Read caption Angèle and her children fled armed fighting in PK5, a Muslim district in Bangui, the capital of the Central African Republic. They are now living with a host family in another district in the capital. Photo: Chanel Igara/NRC

Where armed groups rule

Eline Anker|Published 19. Oct 2018|Edited 18. Oct 2018
Over 230,000 people were forced to flee their homes in the Central African Republic (CAR) in the first half of 2018. “It has gone from bad to worse and there are no signs of improvement,” says Eric Batonon, NRC country director.

In CAR, armed groups are competing for the control over power and resources. “It’s a really rich country, but unfortunately the population is very poor,” explains Batonon.

Intense violence and insecurity is part of everyday life of many Central Africans. Nearly 70 per cent of the country’s territory is controlled by armed groups. They are fighting to expand their control to new areas. Meanwhile, displacement is on the rise. Over 230,000 people were forced to flee their homes in CAR in the first half of 2018. There has also been an alarming increase in attacks on humanitarian workers. Insecurity is making it more difficult to access the many people in need.

Old friends become enemies

Romain Koundada, his wife and four children have fled several times. A couple of years ago, an armed group came to Bazanga, a district where they lived in the capital, Bangui. They burned down houses and brutally killed people. Romain even recognised some of the armed people’s faces: “When we were kids, we used to play together. We grew up together!”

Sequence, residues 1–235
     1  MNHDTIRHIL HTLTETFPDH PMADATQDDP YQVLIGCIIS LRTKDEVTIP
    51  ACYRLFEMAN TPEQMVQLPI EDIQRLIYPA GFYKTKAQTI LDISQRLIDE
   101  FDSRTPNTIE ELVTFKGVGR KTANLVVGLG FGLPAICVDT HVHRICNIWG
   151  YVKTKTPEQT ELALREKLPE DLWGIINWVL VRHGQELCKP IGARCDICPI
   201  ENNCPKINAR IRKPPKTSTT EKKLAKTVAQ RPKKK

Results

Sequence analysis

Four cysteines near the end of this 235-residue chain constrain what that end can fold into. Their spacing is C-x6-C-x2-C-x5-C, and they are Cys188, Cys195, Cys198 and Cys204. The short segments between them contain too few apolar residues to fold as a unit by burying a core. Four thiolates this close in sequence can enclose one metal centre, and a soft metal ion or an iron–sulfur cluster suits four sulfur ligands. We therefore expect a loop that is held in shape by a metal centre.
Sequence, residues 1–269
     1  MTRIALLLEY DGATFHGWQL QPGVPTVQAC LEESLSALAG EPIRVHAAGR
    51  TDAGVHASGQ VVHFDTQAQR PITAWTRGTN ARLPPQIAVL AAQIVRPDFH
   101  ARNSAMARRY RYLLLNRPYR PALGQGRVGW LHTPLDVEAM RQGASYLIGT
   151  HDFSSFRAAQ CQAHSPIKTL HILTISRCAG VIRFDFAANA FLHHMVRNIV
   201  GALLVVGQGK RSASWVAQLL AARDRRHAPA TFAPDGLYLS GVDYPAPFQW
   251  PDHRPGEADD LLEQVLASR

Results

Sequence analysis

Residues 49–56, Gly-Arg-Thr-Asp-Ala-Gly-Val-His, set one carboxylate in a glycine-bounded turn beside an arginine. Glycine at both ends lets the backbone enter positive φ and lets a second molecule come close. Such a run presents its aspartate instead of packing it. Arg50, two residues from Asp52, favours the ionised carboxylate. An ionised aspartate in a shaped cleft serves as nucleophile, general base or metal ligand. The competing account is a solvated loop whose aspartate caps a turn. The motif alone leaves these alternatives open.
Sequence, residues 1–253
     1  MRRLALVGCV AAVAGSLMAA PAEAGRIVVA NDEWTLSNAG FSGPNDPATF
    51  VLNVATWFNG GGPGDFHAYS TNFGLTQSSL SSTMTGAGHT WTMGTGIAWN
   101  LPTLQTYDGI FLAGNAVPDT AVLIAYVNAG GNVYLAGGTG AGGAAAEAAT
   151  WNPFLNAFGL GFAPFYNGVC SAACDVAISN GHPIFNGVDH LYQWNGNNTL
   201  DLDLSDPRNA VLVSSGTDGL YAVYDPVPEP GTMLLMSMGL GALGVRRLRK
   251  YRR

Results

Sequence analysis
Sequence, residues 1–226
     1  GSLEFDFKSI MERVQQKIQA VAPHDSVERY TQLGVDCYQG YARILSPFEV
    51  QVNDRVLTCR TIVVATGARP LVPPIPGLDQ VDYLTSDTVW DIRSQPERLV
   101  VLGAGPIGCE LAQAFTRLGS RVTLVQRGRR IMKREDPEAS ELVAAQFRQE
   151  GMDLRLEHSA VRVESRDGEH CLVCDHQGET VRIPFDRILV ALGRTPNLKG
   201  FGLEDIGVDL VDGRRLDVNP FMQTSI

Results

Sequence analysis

Read caption Romain has fled violence several times. We met him in a settlement for internally displaced people in Bangui, the country’s capital, on 25 August, 2017. Photo: Alexis Huguet/NRC

    

Violence out of control

Although the formal conflict has ended, and peaceful elections were held in 2016, the situation got worse in the following year, with a 70 per cent increase in internal displacement. “In 2016 we were all thinking that it was the end of the crisis, but unfortunately, the situation has deteriorated,” says Batonon.

   

Read caption Country Director in the Central African Republic, Eric Batonon. Photo: Tiril Skarstein/NRC

    

“People are fleeing clashes, but also fleeing to prevent being caught in the clashes,” Batonon says. In 2018, violent conflict between different armed groups and the government expanded to areas that were previously calm.

“Before, parts of the country were spared by this crisis, but these regions are now experiencing violence and falling under the control of armed groups,” Batonon explains.

A particularly concerning issue, says Batonon, is that armed leaders of non-state groups have diminishing control over their own men. “We have people with guns who use them as pressure tools to enrich themselves. This can make the situation even more unstable and increase the use of violence.”

   

Read caption The road between Sibut and the capital, Bangui, in November 2014. Photo: Vincent Tremeau/NRC

  

Forced to flee again and again

Per September, 620,000 people are internally displaced and over 570,000 refugees are living in the neighbouring countries.